One of the modifications, the installation of the Murata CFJ455K5 IF filter, requires experience in detailed circuit board work, as well as the preparation and installation of miniature shielded wires to exact specifications.  The 7.5" Amidon "Slider" loopstick transplant work is much less critical, and can be performed by the average radio hobbyist with limited experience.  The same would be true for John's modification to allow inductive coupling for external antennas to the E100 stock loopstick.
 
     If you have the ability and interest to do this type of work, please contact me directly.  An advance copy of the applicable technical articles will be forwarded for your consideration, if necessary.
 
     73,  Gary DeBock      




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loggings last night

Allen Willie
 

 
 
  Hi Guys,
 
Last night was pretty decent for Transatlantics  for most of the night as they were in here a lot earlier and stayed strong until past 11PM local time .
 
 I managed to log 2 new Transatlantics both from Iran. Heard a few other stations also that haven't been here in a while.
 
Logs as follows:
 
747 khz -      23:36 UTC        9/19/08    IRIB Gonbad-e Qabus , Iran  w/ persian chants and commentary  // 1503 khz ; good  *** NEW ON ULR and overall ***
 
1026 khz -     00:01 UTC       9/20/08     IRIB Tabriz, Iran w/ persian chants  and commentary, mention of Iran  ; good
  *** NEW ON ULR and overall ***
 
1350 khz  -    23:47 UTC    9/19/08   WOYK - York Pennsylvania w/ "Sports Radio 13-50 WOYK " ID, baseball game ; fair (only 2nd time to ever here this one )
 
   702 khz -   23:40 UTC    9/19/08    RTM C Sebaa-Aouin Morocco w/ arabic chants by man for long time ( This one was very strong  like a  local .... Monster signal )
 
  1395 khz -  20:45 UTC    9/19/08    Transworld Radio via Flakke ,Albania  w/ commentary and sign off interval signal ; good ( Haven't heard this one in  a while either )
 
1017 khz -   00:34 UTC     9/20/08    TRT1 Mundaya, Turkey w/ Turkish language, songs and music, chants ; fair   ( This one has been a regular visitor lately )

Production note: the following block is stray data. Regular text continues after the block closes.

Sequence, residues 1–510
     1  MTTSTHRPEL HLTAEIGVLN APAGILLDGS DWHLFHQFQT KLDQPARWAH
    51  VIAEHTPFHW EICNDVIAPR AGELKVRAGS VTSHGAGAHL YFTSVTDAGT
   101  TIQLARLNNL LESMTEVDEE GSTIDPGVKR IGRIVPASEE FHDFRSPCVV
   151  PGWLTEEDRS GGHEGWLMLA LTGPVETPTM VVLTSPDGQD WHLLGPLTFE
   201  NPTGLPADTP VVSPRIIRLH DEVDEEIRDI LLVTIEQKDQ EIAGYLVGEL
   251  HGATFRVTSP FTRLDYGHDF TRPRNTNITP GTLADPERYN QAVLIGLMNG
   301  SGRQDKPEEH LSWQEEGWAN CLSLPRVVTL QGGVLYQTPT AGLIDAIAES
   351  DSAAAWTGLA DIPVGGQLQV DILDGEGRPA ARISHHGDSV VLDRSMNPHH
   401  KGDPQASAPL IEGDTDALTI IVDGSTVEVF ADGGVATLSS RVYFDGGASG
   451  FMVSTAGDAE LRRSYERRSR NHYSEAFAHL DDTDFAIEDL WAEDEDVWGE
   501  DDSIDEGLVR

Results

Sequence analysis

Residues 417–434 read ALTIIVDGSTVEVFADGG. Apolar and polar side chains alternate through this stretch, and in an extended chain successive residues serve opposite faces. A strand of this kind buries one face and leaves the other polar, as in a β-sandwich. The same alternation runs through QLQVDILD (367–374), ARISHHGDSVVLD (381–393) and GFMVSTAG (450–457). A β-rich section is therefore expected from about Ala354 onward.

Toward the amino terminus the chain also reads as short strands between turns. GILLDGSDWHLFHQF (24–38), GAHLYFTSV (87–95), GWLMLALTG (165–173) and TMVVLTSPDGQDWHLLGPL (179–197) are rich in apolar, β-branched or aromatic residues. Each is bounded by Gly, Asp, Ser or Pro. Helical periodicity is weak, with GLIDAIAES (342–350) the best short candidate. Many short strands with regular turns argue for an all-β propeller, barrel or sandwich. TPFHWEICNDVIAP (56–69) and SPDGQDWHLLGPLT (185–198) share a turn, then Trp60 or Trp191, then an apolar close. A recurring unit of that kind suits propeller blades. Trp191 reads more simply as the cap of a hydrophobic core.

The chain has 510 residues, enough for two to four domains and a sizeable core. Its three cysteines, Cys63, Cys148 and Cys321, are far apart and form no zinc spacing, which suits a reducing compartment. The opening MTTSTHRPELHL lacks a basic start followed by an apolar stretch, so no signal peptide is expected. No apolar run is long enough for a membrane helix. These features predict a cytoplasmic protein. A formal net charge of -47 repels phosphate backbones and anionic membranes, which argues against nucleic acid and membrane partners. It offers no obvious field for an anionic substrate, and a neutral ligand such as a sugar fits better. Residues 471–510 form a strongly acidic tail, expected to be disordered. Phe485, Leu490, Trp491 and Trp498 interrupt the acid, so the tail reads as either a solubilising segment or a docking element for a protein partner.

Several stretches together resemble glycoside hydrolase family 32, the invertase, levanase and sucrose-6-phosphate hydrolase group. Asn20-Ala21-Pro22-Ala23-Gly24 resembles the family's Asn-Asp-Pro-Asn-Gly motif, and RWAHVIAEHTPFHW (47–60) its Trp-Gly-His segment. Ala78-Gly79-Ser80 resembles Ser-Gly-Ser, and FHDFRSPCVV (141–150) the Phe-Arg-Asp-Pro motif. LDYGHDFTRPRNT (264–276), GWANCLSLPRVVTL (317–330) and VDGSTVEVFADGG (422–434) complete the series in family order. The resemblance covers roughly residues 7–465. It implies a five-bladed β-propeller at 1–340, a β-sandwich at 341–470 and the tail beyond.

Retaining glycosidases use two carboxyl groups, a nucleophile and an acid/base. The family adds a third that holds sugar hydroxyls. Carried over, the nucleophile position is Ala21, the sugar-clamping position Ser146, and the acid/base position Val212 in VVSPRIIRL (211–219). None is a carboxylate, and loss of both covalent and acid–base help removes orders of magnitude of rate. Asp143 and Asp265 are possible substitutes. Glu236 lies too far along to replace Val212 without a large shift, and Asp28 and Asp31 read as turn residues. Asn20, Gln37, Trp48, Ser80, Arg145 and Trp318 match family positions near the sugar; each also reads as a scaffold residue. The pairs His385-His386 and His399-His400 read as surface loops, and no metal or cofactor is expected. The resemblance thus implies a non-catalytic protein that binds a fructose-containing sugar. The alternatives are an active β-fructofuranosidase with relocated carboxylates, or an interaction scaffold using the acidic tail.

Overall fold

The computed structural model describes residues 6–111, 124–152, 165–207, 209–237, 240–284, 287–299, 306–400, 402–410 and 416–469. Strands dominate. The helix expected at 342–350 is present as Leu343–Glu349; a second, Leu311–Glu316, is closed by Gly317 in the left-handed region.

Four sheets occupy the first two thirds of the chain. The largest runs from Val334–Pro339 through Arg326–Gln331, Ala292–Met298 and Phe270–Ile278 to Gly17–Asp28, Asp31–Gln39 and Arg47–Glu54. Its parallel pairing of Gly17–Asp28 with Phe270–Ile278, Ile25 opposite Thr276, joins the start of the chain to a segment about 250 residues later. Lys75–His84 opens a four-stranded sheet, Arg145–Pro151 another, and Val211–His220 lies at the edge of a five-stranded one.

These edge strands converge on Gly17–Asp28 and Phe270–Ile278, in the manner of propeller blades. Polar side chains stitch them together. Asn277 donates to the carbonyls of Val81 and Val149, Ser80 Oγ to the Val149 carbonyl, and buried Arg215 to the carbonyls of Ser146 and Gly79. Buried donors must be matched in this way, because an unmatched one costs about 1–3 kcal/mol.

1575 khz    00:45 UTC      9/20/08    R. Farda , Al Dhabbiya  United Arab Emirates w/ Arabic commentary and pop type music; good
 
A footnote : I'm still hearing KSL Salt Lake City, Utah on 1160 most early mornings but signal seems to have weakened. For those fellows on the east coast who need Utah and don't have a local pest try  for it around 3:30 AM Eastern
 
 
73
 
Allen Willie
St. John's, Newfoundland
SRF- M37V and SRF-39FP barefoot
 
 
 
 
 
 


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Re: Panasonic RF-U700

texnote
 

More technical details here:

http://www.avitela.lt/images/Katalogai/Panasonic_2006.pdf

- Big Size AM Gyro Antenna for High Sensitivity
- RDS Functions with Station Name
- Amp section: Preset EQ (4-Step)
- Tuner Section: Digital Synthesizer Tuner with 32-Stations (20-FM/12-
AM) Manual Preset Memory
- My Memory: 3-Stations
- Auto Tuning
- Speaker Section: 8cm Full Range, 2-Speaker System
- Other Section: Sleep Timer (30min/60min/90min/120min/Off)
- LCD Back lit On-Off
- Standard Accessories: AC Cord
- Dimensions (W x H x D): 276.5 x 175 x 149.5 mm
- Weight: (with Batteries) 2000g, (without Batteries) 1800g



--- In ultralightdx@..., "texnote" <texnote@...> wrote:

The Panasonic RF-U700 (Japan) or RF-U700EG-S (Europe) is not an
ultralight, but it's notable in many ways: it has a large
rotatable/gyro antenna for AM, digital readout (PLL), and stereo
speakers for FM.

See specs at
http://panasonic.co.jp/corp/news/official.data/data.dir/jn050426-
4/jn050426-4.html

See high resolution photo at
http://panasonic.net/press-
room/contents/download/products/av/hi_res/RF-
U700.jpg

The reviews on amazon.co.jp are uniformely good. Does anybody know
how can one order this radio from abroad?


Panasonic RF-U700

texnote
 

The Panasonic RF-U700 (Japan) or RF-U700EG-S (Europe) is not an
ultralight, but it's notable in many ways: it has a large
rotatable/gyro antenna for AM, digital readout (PLL), and stereo
speakers for FM.

See specs at
http://panasonic.co.jp/corp/news/official.data/data.dir/jn050426-
4/jn050426-4.html

See high resolution photo at
http://panasonic.net/press-room/contents/download/products/av/hi_res/RF-
U700.jpg

The reviews on amazon.co.jp are uniformely good. Does anybody know
how can one order this radio from abroad?


Re: Sangean DT 200VX & DT-400 Pouch

Jay Heyl
 


Re: Sangean DT 200VX & DT-400 Pouch

Gary Kinsman
 

Here's another case I found that might be the right size for a DT-
200VX or DT-400W: the Case Logic Universal Pockets Medium (UP-2).